Tale of highway-texting crash highlights digital dangers
ON September 22, 2006, 19year old Reggie Shaw obliviously crossed the centre line of a Utah highway and struck an oncoming car while texting. Although his SUV suffered only minor damage, the other car spun into the path of a huge pickup truck following behind Reggie, instantly killing two aerospace scientists in the car and injuring the truck driver. Legendary filmmaker Werner Herzog ( Aguirre, Fitzcarraldo) features Reggie prominently in his short film From One Second to the Next, an emotionally wrenching glimpse into the carnage caused by drivers texting behind the wheel. In the film’s final minutes we see Reggie at the side of the road, head in hands, sobbing. Wracked with guilt and sorrow, he makes his plea to viewers: don’t end up like me. Save a life. Turn the phone off. Reggie is also the central figure in Matt Richtel’s A Deadly Wandering, an intensely gripping, compelling and sobering retelling of the accident and its painful emotional and legal aftermath. Reggie emerges as a complex, sympathetic and tragic figure, one with whom almost any driver can, with no small unease, identify. A devout Mormon, Reggie was preparing for missionary work (in Winnipeg, as it turns out) when the accident occurred — at a point when there were no laws against texting and driving anywhere in the United States. His struggle between guilt and an inability to recall what happened form the emotional core of the book, and leads him to ultimately embrace a new lifelong mission: campaigning against distracted driving. As both a journalist and the author of several techno-thrillers, Matt Richtel has transformed Reggie’s journey into a masterpiece of narrative non-fiction that delves into the intimate inner lives not just of Reggie, but of all the figures connected to the case and its subsequent legal proceedings. Yet Richtel — who, along with his newspaper The New York Times earned a Pulitzer Prize in journalism in 2010 for his reportage on the issue of distracted driving — casts his eyes beyond this one terrible tragedy to construct an unsettling portrait of the limits of our cognitive abilities to adapt to the insatiable lure of digital technologies. In this regard, A Deadly Wandering joins an increasingly crowded field concerned with identifying and addressing the unanticipated mental, intellectual and social impacts of ubiquitous computing, including Michael Harris’s The End of Absence and Daniel Levitin’s The Organized Mind (reviewed in the Free Press Aug. 18 and 23, respectively).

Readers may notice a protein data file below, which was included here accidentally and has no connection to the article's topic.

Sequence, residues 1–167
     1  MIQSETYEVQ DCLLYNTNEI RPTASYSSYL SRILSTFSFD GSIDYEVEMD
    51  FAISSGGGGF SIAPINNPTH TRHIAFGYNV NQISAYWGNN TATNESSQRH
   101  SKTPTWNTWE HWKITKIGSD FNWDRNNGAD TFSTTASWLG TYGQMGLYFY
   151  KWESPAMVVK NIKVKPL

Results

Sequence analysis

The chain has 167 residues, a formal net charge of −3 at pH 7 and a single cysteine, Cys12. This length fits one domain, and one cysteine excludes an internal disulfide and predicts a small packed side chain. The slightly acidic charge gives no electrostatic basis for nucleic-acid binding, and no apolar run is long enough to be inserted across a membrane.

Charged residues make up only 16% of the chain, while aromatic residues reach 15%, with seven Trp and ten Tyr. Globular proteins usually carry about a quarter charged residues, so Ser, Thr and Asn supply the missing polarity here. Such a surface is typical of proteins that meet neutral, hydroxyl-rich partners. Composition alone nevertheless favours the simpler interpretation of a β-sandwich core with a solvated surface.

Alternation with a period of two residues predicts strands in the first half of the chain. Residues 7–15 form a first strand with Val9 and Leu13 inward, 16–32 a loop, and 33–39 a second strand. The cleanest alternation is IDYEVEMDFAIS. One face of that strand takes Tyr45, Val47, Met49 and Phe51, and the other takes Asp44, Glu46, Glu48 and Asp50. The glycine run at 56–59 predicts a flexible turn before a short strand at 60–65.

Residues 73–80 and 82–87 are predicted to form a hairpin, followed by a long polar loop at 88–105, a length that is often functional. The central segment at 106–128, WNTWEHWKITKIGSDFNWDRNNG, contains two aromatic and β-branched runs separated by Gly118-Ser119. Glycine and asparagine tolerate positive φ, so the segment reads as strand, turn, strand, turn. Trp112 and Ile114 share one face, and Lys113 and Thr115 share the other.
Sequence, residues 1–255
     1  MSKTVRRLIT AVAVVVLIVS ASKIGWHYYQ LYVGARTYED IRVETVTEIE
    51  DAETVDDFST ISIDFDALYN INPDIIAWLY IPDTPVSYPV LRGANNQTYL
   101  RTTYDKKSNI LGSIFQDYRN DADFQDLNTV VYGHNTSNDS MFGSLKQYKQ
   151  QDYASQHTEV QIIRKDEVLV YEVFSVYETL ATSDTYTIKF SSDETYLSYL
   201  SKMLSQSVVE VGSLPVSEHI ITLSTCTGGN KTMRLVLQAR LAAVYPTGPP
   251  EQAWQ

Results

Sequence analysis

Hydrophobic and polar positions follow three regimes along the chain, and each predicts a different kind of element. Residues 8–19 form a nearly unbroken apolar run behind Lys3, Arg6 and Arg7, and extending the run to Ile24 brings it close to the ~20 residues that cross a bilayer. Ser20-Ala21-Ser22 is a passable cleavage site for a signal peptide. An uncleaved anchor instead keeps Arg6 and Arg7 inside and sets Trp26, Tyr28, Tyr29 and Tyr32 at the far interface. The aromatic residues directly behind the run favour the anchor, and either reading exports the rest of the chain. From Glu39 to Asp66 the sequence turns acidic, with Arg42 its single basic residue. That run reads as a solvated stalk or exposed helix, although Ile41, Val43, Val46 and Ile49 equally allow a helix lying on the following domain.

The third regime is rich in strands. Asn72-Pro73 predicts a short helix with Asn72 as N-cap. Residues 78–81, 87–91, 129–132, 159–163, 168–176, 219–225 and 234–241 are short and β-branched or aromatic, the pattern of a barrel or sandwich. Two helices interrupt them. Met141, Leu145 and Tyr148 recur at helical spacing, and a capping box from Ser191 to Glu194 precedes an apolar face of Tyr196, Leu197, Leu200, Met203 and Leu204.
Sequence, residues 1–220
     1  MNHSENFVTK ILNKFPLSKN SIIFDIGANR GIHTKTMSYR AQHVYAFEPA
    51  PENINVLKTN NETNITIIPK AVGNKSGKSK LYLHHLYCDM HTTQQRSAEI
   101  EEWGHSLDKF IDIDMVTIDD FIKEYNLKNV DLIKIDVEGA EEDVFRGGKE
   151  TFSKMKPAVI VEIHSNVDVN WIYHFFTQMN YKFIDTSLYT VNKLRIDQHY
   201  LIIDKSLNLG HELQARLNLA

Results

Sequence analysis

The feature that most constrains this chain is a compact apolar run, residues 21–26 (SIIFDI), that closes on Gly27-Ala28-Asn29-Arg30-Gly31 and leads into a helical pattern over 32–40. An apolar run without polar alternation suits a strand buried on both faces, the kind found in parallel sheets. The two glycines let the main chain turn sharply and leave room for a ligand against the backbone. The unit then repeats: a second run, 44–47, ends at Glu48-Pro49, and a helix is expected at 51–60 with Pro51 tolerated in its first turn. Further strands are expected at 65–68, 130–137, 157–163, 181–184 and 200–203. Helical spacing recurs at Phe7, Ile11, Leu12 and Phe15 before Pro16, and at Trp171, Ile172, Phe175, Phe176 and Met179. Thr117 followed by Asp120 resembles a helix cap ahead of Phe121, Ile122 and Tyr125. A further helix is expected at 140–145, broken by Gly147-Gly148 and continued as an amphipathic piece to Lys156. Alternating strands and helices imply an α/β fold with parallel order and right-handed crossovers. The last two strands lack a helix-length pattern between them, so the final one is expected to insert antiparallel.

Richtel’s narrative generates considerable tension as it shifts between Reggie and those involvedn in the search forf justice in the case, asa well as the work of neuroscientists seeking to understand the limits of our attention and functioning when surrounded by digital information. What we learn is appalling: not just in terms of the ghastly trail of ended and ruined lives caused by distracted driving — believed to be behind 1.6 million crashes annually in the U.S., with an estimated 11 teen fatalities per day — but in how so many of us have become literally addicted to the dopamine rush of mobile information. Studies are showing that texting while driving affects the skills of the driver to the same extent as being legally drunk, and that our compulsive need to scroll through Facebook has more in common with that of a slot machine addict than most of us would care to admit. No less addicted, argues Richtel, are the telecom and automobile industries, which lobbied against legislated bans on cellphone use in cars while at the same time incorporating ever-more extensive interactive gadgets and touchscreens into new vehicles. Despite its now well-known dangers, polls cited by Richtel show that few are willing to give up using hand-held cellphones while driving — a situation that lends passionate urgency to both Reggie’s mission and Richtel’s book. In putting the reader both behind the wheel and in front of a screen, A Deadly Wandering gives the potentially lethal risks of the digital age a very human face — one which we can, if we’re honest, readily see in the mirror. Michael Dudley is the indigenous and urban services librarian at the
University of Winnipeg.
A Deadly Wandering: A Tale of Tragedy and Redemption in the Age of Attention